Through marches, awareness campaigns and other forms of advocacy, Generation Z has proven it is the generation that will set a better path to the future with their new views of society. They are the most inclusive generation when it comes to diversity. So, why isn’t there more LGBTQ+ representation at school?

According to the Advocate, a study from Ipsos Mori suggests “only 66 percent of young people today identify as exclusively heterosexual — which is the lowest of any generation up until this point.” As this trend continues, it is important that younger generations are educated on the subject, whether it be to understand themselves or one another.

Even with this basic information, six states, including Alabama, Louisiana, Mississippi, Oklahoma, South Carolina and Texas, strictly prohibit any teachings of LGBTQ+ in schools. According to GLSEN, an LGBTQ student advocacy group, “Laws prohibiting the ‘promotion of homosexuality’ (often referred to as as ‘no promo homo’ laws), are local or state education laws that expressly forbid teachers of health/sexuality education from discussing lesbian, gay, or bisexual people or topics in a positive light — if at all.”

The lack of representation only further stigmatizes the LGBTQ+ community. It creates an unwelcoming environment for students. The root of the problem is not the younger generation. According to the Advocate, “Other studies published by Ipsos Mori suggest that over 70 percent of Gen Z is comfortable with homosexual relationships.”

This year, the state Public Education Department is meeting to update the state’s social studies standards for the first time in more than two decades. The New Mexican reported that 60 educators from across the state are meeting to revise curriculum standards in U.S. history and social studies classes. According to The New Mexican, one educator, Wendy Leighton, a founding faculty member of Monte del Sol Charter School, said the state’s current standards do not require students to learn about the history of LQBTQ+ people among other minorities in the United States — a standard she wishes to change.

This would open up opportunities for children and teens to learn history more accurately. It would put into perspective how the LQBTQ+ community integrates with history and why they are still considered minorities.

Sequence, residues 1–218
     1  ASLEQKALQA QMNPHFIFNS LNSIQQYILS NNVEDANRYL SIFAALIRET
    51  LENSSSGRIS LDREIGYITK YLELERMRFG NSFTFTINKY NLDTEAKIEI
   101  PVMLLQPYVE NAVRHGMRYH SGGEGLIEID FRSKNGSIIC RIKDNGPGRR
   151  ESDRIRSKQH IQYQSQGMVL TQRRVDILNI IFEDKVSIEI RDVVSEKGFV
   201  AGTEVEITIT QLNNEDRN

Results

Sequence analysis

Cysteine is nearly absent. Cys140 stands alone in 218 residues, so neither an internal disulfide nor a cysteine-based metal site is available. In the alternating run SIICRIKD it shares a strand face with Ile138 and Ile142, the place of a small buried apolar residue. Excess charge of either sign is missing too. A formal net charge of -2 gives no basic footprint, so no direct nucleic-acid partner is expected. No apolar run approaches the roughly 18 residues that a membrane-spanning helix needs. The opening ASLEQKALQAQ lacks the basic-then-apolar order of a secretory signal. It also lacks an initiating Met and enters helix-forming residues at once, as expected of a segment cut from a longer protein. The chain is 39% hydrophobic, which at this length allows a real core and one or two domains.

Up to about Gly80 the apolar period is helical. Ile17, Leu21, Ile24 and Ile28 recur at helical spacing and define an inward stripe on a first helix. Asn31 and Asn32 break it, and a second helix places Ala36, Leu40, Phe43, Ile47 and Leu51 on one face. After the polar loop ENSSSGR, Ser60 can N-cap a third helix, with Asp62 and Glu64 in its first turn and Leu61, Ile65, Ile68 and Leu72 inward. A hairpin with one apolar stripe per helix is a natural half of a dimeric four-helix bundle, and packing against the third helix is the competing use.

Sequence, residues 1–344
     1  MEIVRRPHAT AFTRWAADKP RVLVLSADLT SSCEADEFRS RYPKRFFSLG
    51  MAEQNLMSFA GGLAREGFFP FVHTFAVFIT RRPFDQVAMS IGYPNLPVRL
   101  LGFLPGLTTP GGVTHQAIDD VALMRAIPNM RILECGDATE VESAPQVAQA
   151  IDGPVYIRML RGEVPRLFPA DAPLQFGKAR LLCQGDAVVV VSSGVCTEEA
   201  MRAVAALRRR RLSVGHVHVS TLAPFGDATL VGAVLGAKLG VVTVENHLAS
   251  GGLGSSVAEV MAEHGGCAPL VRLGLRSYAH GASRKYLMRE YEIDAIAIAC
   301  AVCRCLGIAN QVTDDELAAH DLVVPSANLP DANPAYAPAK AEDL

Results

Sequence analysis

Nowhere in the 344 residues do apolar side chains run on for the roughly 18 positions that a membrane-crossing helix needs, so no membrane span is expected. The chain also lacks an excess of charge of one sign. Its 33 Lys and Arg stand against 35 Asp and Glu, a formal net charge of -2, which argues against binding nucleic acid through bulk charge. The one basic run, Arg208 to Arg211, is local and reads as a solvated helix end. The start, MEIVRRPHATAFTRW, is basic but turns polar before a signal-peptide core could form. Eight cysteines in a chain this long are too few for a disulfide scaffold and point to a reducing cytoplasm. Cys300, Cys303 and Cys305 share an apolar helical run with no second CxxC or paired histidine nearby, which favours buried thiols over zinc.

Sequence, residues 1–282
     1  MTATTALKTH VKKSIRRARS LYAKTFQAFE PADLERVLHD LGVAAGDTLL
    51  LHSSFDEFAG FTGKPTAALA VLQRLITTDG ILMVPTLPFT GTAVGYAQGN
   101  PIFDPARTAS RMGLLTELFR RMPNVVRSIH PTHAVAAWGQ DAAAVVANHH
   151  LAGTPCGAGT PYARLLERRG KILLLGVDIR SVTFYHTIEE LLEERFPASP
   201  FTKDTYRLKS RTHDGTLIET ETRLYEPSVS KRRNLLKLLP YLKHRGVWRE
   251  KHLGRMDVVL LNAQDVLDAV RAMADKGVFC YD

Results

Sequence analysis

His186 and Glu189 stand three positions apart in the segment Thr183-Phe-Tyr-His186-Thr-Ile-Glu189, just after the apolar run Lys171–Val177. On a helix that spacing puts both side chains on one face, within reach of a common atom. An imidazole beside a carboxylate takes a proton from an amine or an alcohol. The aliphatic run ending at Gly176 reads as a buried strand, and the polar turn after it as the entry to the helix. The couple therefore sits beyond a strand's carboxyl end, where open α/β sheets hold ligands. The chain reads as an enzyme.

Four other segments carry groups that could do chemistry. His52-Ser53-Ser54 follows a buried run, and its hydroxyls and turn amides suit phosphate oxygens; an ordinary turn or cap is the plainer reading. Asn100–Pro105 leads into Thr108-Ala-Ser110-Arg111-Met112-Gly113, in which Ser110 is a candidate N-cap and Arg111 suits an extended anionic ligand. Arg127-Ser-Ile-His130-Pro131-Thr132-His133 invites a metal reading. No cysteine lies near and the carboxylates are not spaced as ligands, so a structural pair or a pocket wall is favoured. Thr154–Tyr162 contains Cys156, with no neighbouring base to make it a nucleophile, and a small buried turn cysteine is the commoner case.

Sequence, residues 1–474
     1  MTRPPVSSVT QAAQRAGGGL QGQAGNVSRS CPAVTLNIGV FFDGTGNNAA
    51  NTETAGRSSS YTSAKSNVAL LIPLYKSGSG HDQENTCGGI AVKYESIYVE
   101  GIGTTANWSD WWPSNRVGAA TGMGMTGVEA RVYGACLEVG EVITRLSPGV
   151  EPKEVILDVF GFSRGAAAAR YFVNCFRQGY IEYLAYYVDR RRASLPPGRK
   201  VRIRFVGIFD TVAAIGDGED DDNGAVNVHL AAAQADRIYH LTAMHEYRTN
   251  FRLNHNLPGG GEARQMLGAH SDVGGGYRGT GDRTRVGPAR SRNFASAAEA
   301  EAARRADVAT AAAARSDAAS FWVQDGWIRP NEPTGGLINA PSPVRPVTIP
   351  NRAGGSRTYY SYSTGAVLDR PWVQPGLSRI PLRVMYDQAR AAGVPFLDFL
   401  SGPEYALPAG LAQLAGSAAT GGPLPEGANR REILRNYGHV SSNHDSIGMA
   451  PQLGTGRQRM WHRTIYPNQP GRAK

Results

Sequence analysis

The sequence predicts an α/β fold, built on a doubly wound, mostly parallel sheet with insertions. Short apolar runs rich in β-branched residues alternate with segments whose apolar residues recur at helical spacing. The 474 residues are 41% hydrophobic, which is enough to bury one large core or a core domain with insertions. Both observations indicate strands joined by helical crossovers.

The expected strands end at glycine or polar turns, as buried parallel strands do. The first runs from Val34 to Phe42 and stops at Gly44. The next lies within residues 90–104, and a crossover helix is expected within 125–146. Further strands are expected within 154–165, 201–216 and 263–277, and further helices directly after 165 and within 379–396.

Marie Fernandez, who teaches at South Valley Academy in Albuquerque, is one of the co-leaders of the group of teachers hoping to change history standards. Together, she and Leighton are looking forward to including more themes, such as social justice, in the curriculum for New Mexico students. This, however, is never an easy thing to do without backlash. Already, Republican legislators and at least one superintendent have raised concerns about the issue.

Older generations, specifically parents of children, are often unsupportive. Many of them believe it’s too early for their kids to be taught these things. Even if parents are concerned about certain aspects that are being taught, that should not be the focus. Kids should be learning about things like gender and sexuality at a young age when they can understand and process information faster. This is not about teaching kids inappropriate things, it’s simply about teaching them to understand other people.

Being part of the LGBTQ+ community is not something that should be stigmatized. Teenagers should not feel like it’s something to hide and be ashamed of. It’s something that becomes part of how they identify and who they are. It should be seen as normal and most importantly, OK. It is important to teach kids about it in school. It would help them feel more welcomed if they knew that their classmates understood and respected the subject. LGBTQ+ representation as well as available help in school is extremely necessary.

Stephany Zambrano is a junior at Santa Fe High School. Contact her at

(1) comment

Bill Cass

Because most sane people realize that while it is currently cool to identify as LGBTQLMNOP it is a fad that won't last.

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